Thank you for taking to respond to the article. I greatly respect your opinion and you are correct. Labor and the benefits paid in Southeast Asia provide a very competitive advantage. However, I believe there is more to the story that reflects the ability of these golf courses to generate a profit. First, staffing levels in Administration, Maintenance, Pro Shop and the Restaurant are comparable to US benchmarks. More importantly, according to the National Golf Foundation 2018 State of the Industry report, the average US golf course realizes $34 per round. In contrast, in Southeast Asia, with green fees ranging from $75 to $125, based on 20,000 rounds, they averaging REVPAR I suspect of about $55. Despite their cost advantages, they are not willing to discount based on the superior experience provided. To illustrate, in Siem Reap, Cambodia where the average annual wage if $3,000, an annual membership at Angkor Golf Resort (a fabulous Nick Faldo designed golf course) is $2,500. The course is magnificently maintained and the smaller clubhouses observed in Asia provide other cost savings. The real fulcrum that drives golf in Asia is that most of the golfers are tourists from China, Korea, US, and Japan in that order. Being a “resort” provides the flexiblity to offer a heightened golf experience and a less sensitive by the golfer to the prices being charged.

    What I find curiously compelling is what if US public golf courses offered lockerooms and key creating the “member for the day” experience. Would be interesting if those added amenities would change the financial results here in the US where the NGF projects that 150 golf course should close annually until 2030 for demand and supply to reach equilibrium.

    If you would like to discuss the matter further, I welcome your call and appreciate your thoughts. JJK

    1.    Reply

      Great insight and spot on that most play is from tourists on holiday. I think the maintenance numbers may be misleading (again only speaking of Thailand)… the caddies are typically part of the course maintenance team there. if they do not get a bag to loop, they are typically sent out on the course to pull weeds, care for flower beds, etc. The other thing i have observed at many clubs there is at the end of the day, groups of caddies will split up and walk the fairways fixing divots while others will be assigned to the greens to fix ball marks. i am guessing these folks are not included in the maintenance headcount.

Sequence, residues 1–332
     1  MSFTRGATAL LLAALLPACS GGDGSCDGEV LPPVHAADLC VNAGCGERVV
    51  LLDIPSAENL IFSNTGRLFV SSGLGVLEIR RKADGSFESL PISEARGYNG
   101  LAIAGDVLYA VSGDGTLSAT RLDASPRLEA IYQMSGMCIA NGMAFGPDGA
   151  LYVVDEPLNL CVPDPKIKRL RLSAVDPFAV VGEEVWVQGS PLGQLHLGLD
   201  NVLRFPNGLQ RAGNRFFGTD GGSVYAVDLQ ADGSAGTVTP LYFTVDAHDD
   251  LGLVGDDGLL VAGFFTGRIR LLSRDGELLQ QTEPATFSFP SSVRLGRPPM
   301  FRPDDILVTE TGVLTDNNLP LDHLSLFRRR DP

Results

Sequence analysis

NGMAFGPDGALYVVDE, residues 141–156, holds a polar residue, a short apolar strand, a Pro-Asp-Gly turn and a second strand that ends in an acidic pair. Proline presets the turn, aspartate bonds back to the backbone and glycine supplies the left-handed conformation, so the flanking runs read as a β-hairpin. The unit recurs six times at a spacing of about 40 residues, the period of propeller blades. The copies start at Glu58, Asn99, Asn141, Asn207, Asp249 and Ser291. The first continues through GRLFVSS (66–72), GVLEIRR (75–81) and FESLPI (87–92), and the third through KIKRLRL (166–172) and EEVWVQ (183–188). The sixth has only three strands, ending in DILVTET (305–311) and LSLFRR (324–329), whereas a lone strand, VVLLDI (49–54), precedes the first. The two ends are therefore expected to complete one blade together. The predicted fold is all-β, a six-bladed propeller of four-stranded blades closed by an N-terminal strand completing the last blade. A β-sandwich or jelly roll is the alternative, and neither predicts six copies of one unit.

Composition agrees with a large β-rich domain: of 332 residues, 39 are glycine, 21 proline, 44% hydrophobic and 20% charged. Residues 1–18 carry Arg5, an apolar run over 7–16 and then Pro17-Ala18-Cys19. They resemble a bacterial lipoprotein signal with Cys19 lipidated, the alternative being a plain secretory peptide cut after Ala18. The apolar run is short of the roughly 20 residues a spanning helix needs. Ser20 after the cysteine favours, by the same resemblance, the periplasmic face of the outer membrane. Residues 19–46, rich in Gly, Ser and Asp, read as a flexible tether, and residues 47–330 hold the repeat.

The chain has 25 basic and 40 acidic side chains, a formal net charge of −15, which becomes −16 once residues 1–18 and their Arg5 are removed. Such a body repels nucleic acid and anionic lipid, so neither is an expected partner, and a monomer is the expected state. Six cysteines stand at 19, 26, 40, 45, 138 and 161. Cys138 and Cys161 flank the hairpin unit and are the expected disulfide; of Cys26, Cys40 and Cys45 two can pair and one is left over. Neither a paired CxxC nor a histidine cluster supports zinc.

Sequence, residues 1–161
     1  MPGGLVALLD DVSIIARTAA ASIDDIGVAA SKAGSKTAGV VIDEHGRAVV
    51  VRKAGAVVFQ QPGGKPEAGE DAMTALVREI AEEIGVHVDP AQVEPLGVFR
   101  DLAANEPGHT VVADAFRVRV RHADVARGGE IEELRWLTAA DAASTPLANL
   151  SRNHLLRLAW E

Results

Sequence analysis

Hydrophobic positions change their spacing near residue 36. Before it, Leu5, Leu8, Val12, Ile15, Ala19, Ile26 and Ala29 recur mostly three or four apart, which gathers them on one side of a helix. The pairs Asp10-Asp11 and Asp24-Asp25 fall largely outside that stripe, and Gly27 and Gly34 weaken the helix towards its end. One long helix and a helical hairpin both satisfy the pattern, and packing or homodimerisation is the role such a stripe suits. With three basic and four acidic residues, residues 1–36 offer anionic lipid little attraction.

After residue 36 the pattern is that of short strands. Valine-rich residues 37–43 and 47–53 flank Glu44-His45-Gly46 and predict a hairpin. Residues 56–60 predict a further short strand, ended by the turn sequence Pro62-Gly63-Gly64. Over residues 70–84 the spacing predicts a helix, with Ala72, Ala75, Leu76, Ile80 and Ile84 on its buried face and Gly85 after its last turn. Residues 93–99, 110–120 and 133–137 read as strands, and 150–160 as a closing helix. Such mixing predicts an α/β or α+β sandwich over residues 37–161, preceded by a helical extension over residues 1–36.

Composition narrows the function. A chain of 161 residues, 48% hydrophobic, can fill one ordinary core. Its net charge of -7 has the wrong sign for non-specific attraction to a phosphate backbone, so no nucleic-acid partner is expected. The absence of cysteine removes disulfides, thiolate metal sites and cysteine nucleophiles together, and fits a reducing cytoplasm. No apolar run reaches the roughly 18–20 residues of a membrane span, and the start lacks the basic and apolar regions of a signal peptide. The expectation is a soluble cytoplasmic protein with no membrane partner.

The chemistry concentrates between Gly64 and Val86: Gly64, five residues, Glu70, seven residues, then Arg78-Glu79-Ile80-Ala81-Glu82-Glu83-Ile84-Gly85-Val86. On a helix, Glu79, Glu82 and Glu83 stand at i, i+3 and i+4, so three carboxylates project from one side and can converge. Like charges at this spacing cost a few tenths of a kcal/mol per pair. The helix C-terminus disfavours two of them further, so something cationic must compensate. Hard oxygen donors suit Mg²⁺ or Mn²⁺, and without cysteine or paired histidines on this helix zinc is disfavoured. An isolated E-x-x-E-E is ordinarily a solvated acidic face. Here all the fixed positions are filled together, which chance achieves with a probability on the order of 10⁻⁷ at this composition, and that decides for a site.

There is one other factor that comes into play (at least in the Thai market) but that is a private conversation over a beer. There are also many Thai courses you can play in the $30-$50 range. I know of one excellent high end public course here in PA (Olde Stonewall) that does offer lockers (though not the whole Asia experience) but i have noticed every time i have been there, the locker room was empty. Likely just a coincidence.

  2.    Reply

    Nice trip… Nikanti is one of my favorites. Also happens to be a Club Prophet Systems client and the Caddy rating system was developed for them by CPS. We also developed a complete “Passport” system for the process you used at Danang for our Vietnam clients. Would love to see some of the practices in SE Asia carried over to the States. Unfortunately the cost of labor makes much of that prohibitive.